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From: "mark at klomp dot org" <>
Subject: [Bug Infrastructure/29615] prototype & document SOP for signed-git-op repo
Date: Tue, 27 Sep 2022 20:10:32 +0000	[thread overview]
Message-ID: <> (raw)
In-Reply-To: <>

--- Comment #6 from Mark Wielaard <mark at klomp dot org> ---
(In reply to Serhei Makarov from comment #5)
> One issue with the SLSA4 checklist is that SLSA4 seems to be written in a
> way that assumes developers are reviewing pull requests and there's a magic
> forge that everyone trusts to securely decide when the merge criteria have
> been met. Applying it to individual commits on a mailing-list workflow will
> be tricky and AFAIK the kernel isn't currently doing that. The example on
> SLSA4 website of a compliant project is SUSE Open Build System, which sounds
> magic-forge-y.

Yes, I think it is mostly used for "downstream" (distro like) projects where
the upstream (signed) release tarball is used as trusted input and then any
patches on top of that are treated at SLSA4 level.

But I don't think the point is to adopt all SLSA level 4, but to see how far a
project could get if it tried.

> (Just trying to wrap my head around how it would hypothetically look. In
> fully-paranoid SLSA4, we would need to verify
> (a) the patch series submitted to the mailing list was reviewed & signed off
> by <insert required number of reviewers>
> (b) the patch series committed to the Git repo matches exactly what was
> signed off in the mailing list (no last-minute good-Samaritan fixup by the
> maintainer)
> and all of that would need to be recorded by GPG signatures on the mailing
> list archives* and in the Git repo and verifiable by anyone after the fact,
> not 'oh, we has a forge website, and the forge's security widget ok'ed the
> merge, so the resulting Git repo must be good; hope no one hacked the forge'.
> [*On an 8-patch series, 2 reviewers would need to attach a total of 16 GPG
> signatures. Maybe with suitable tooling you could batch up the contents of
> the 8 patches into 1 email, and sign that, I dunno. {Forget doing that in
> your corporate GMail web client.} You would then have a script anyone can
> run for auditing purposes that slurps the Git repo and mailing list archives
> and flags any commits that don't have two matching, GPG-signed
> Signed-Off-By: replies by reviewers.]

So there are different ways to attest a patch or email is valid.
Using a public-inbox instance like you can use b4
for patch attestation using dkim, gpg-signed emails or patatt.


Also tools like git-pw or b4 make it easy to collect all commit/patch emails
and create a new patch that has all Signed-Off-by/Reviewed-by/... signoffs.

The idea is not to carry-over all signatures on the individual email messages,
but to trust the final committer to have verified them all. And only added the
signoffs of those emails/reviews that could be verified. So the signature of
the final committer proofs they have verified all previous emails. You still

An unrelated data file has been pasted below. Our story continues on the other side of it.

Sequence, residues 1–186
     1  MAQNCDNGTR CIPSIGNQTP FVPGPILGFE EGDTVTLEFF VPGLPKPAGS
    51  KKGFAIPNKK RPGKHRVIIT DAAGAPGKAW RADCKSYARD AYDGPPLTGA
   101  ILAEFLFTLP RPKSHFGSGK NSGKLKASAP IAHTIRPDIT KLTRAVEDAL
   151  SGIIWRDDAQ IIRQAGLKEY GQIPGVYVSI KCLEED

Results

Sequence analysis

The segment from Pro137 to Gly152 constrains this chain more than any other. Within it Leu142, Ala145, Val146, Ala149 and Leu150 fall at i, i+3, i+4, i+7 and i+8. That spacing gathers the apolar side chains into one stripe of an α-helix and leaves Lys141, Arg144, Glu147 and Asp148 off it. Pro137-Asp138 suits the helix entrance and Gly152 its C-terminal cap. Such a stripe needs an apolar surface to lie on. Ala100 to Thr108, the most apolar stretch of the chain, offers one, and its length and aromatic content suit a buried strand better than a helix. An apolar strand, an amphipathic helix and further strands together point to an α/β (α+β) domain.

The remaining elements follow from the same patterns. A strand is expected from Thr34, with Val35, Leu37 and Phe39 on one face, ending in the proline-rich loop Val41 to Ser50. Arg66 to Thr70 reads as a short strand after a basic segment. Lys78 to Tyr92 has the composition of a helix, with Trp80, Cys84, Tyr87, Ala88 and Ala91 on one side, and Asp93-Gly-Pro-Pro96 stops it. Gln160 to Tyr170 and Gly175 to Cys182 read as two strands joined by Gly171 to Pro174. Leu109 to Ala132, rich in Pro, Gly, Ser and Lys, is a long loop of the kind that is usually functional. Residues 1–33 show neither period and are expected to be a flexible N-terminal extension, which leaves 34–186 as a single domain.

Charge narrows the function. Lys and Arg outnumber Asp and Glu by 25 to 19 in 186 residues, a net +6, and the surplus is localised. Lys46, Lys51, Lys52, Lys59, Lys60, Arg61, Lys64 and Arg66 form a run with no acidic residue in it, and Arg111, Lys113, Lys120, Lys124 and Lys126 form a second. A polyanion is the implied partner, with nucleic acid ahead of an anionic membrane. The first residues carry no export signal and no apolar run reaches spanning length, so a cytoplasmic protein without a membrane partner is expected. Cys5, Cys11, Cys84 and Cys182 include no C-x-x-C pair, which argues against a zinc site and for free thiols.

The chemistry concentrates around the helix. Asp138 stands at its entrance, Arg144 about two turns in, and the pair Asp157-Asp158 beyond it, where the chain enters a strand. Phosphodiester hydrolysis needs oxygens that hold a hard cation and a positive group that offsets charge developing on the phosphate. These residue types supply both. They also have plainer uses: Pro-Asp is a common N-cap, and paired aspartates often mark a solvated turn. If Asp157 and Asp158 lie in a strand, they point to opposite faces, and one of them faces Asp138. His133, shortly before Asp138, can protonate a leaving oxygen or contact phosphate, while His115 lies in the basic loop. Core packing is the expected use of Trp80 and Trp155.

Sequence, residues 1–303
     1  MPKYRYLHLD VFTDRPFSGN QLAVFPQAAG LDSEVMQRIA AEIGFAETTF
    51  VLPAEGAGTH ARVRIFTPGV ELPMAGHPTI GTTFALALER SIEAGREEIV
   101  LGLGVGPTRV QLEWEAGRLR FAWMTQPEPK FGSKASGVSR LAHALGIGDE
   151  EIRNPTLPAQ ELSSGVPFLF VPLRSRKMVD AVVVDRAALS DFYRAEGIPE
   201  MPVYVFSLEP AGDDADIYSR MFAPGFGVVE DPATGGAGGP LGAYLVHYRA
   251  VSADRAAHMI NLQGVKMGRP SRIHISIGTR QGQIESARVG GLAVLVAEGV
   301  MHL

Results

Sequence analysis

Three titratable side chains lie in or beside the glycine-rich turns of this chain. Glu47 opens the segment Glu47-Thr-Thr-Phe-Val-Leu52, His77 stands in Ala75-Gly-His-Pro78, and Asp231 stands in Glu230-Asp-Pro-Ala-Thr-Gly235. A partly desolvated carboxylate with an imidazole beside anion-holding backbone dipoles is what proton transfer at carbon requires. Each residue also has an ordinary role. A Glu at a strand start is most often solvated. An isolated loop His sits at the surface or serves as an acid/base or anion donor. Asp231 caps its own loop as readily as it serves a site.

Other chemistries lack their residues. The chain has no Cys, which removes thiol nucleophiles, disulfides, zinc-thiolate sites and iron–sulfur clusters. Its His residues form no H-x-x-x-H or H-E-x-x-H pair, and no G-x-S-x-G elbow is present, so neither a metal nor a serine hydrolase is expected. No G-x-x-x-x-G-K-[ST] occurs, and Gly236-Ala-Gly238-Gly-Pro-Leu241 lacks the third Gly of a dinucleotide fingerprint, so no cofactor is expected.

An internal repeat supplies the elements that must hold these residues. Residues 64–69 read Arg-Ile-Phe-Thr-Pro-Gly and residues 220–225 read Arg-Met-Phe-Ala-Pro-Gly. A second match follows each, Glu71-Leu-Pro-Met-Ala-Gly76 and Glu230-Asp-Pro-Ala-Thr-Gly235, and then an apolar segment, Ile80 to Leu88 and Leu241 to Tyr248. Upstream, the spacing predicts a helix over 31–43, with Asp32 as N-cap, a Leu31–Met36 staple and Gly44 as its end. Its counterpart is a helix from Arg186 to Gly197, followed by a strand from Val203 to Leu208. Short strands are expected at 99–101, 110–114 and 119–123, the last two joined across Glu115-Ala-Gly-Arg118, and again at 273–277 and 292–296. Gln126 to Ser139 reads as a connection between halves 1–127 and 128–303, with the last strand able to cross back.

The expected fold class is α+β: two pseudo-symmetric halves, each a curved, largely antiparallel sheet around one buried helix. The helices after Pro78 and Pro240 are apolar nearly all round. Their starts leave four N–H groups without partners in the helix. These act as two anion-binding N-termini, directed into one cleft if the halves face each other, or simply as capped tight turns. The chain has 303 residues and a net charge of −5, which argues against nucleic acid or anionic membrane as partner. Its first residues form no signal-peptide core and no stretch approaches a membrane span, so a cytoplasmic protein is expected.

have the email archive to check that if you are really paranoid. 

> [The Git repo would also need to consume mailing lists somehow and block any
> patches that have not been signed off. But this is orthogonal to
> after-the-fact audits, and can basically be thought of as a convenience
> measure to protect maintainers from accidentally making un-approved changes
> that would immediately be caught and reverted.])

I don't believe it is that strict. At some point you just have to trust the
final committer to have done all these checks. SLSA doesn't really protect
against bad (but trusted insider) actors. See (A3) Code review bypasses that
are out of scope of SLSA.

> Is there an existing example of an SLSA4 compliant (or at least
> trying-in-good-faith) project that has grappled with this kind of workflow?
> I'm honestly not sure if the tooling to enable it is 100% there, at LF or
> anywhere else.
> At the same time it's kind of intriguing to see if this level of paranoia
> can be implemented in a somewhat convenient way.

I don't know if anybody really does it full paranoid SLSA level 4 for a real
community, distributed, upstream development project. But I think tools like
gitpw and b4 plus get us pretty far if people want to get

Also you can start with simply adding the patch signoffs to every commit to
show the intent of double review, etc. and don't require all the signing stuff
(which is basically what the kernel does). That isn't full SLSA compliant, but
shows the intent.

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  parent reply	other threads:[~2022-09-27 20:10 UTC|newest]

Thread overview: 9+ messages / expand[flat|nested]  mbox.gz  Atom feed  top
2022-09-26 13:30 [Bug Infrastructure/29615] New: " fche at redhat dot com
2022-09-26 16:57 ` [Bug Infrastructure/29615] " serhei at serhei dot io
2022-09-26 17:20 ` serhei at serhei dot io
2022-09-26 17:39 ` ezannoni at gmail dot com
2022-09-27 11:45 ` mark at klomp dot org
2022-09-27 13:23 ` serhei at serhei dot io
2022-09-27 20:10 ` mark at klomp dot org [this message]
2023-06-01 19:54 ` mark at klomp dot org
2023-10-14  1:02 ` fche at redhat dot com

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